Gender Diversity in the FTSE 100: The Business Case Claim Explored

33 Pages Posted: 16 Nov 2011

See all articles by Mark McCann

Mark McCann

Queen's University Belfast

Sally Wheeler

Australian National University (ANU)

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Date Written: December 2011

Abstract

This article examines the debate within corporate governance about the appointment of female non‐executive directors (NEDs). The first part tracks the diversity story that corporate governance tells about itself from the Cadbury Report (1992) to the Davies Report (2011). The second sets out the evidence used to support the argument that female appointments enhance profits and corporate profile. The third part presents the authors' empirical analysis of FTSE 100 companies and female nonexecutive board membership, and concludes that there is little evidence that companies with female board membership display different characteristics from those without. Industry sector emerges as a significant factor in female appointments. The idea that women should be appointed to boards to increase corporate profitability and profile is not strongly supported by this analysis. A social justice argument based upon the right of woman to equal economic participation opportunities provides a much superior articulation of the need for boardroom diversity.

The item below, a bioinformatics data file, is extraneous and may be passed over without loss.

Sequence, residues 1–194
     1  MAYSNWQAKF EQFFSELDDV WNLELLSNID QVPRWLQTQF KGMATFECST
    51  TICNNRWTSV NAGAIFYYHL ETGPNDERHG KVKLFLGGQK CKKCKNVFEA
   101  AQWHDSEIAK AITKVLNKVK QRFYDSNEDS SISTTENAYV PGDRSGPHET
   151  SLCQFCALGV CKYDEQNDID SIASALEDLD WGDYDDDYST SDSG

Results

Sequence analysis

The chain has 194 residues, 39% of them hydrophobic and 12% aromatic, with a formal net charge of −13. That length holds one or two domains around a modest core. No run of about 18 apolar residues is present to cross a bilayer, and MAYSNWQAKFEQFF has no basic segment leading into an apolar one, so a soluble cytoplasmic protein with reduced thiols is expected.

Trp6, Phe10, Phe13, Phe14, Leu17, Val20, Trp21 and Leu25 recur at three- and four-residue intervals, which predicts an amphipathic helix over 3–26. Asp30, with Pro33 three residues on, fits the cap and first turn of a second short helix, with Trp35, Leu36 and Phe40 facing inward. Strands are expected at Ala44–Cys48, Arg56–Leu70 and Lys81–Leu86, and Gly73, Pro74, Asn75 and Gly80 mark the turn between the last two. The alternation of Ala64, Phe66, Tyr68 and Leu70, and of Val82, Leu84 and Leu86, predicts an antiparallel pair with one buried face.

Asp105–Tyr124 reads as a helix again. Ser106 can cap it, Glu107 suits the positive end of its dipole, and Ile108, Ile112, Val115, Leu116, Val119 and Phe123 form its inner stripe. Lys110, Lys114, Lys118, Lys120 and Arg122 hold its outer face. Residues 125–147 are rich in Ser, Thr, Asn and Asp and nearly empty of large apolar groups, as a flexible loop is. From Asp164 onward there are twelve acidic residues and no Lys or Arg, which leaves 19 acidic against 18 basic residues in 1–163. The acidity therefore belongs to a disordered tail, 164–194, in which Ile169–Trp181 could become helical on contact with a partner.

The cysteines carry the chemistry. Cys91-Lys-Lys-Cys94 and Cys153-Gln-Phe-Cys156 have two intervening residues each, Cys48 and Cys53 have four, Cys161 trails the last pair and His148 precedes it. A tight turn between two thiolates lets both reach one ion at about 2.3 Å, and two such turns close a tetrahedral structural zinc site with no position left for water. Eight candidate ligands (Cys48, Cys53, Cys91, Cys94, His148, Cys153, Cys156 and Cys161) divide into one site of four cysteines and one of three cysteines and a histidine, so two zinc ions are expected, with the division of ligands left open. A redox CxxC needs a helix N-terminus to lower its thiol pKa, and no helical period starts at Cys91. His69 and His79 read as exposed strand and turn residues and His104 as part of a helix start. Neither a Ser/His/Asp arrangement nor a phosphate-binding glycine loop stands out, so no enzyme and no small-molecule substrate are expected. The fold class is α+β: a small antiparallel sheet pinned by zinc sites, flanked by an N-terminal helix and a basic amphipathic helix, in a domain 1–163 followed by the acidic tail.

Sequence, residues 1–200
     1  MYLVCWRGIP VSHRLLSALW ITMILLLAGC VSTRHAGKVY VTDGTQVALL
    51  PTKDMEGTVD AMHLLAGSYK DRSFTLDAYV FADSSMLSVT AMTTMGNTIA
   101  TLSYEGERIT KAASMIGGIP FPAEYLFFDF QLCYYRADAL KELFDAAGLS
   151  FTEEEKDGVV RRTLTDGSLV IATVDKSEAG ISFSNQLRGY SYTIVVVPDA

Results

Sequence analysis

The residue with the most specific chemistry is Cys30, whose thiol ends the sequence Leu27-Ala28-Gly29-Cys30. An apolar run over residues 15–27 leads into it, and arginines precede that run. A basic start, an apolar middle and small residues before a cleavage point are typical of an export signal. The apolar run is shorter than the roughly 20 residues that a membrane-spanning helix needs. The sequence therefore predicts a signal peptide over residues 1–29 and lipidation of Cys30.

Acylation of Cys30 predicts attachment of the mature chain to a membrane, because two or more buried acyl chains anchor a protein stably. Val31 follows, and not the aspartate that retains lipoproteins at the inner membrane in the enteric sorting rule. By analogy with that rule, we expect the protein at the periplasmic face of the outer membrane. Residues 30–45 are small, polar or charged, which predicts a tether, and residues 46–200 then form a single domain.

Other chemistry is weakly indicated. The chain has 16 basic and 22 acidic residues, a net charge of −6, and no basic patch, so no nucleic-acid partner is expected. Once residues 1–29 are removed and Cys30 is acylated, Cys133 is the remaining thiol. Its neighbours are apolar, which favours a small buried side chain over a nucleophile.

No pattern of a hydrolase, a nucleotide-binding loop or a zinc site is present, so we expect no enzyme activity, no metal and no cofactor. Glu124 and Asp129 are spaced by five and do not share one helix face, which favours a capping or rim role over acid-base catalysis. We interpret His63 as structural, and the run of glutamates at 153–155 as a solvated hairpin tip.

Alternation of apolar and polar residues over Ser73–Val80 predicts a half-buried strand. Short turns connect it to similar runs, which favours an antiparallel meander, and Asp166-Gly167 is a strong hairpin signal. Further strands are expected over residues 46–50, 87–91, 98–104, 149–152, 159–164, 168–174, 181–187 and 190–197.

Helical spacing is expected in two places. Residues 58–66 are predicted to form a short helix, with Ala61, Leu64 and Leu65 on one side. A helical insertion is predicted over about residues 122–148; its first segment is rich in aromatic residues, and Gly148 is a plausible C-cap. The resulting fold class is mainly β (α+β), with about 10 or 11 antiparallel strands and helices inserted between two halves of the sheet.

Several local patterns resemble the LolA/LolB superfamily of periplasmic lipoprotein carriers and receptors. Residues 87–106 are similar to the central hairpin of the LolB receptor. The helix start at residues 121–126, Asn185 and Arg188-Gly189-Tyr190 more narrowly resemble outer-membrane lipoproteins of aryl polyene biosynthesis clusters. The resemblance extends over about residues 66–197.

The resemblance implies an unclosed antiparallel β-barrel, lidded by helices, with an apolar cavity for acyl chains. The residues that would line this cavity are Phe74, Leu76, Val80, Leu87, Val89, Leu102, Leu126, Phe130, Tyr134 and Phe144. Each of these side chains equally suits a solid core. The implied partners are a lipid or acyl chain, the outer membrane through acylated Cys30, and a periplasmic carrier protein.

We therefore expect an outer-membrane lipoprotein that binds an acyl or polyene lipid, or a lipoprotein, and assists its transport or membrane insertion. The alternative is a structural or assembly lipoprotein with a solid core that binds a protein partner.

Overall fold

Suggested Citation

McCann, Mark and Wheeler, Sally, Gender Diversity in the FTSE 100: The Business Case Claim Explored (December 2011). Journal of Law and Society, Vol. 38, Issue 4, pp. 542-574, 2011, Available at SSRN: https://ssrn.com/abstract=1960411 or http://dx.doi.org/10.1111/j.1467-6478.2011.00558.x

Mark McCann

Queen's University Belfast ( email )

25 University Square
Belfast, BT7 1NN
Ireland

Sally Wheeler

Australian National University (ANU) ( email )

Canberra, Australian Capital Territory 2601
Australia

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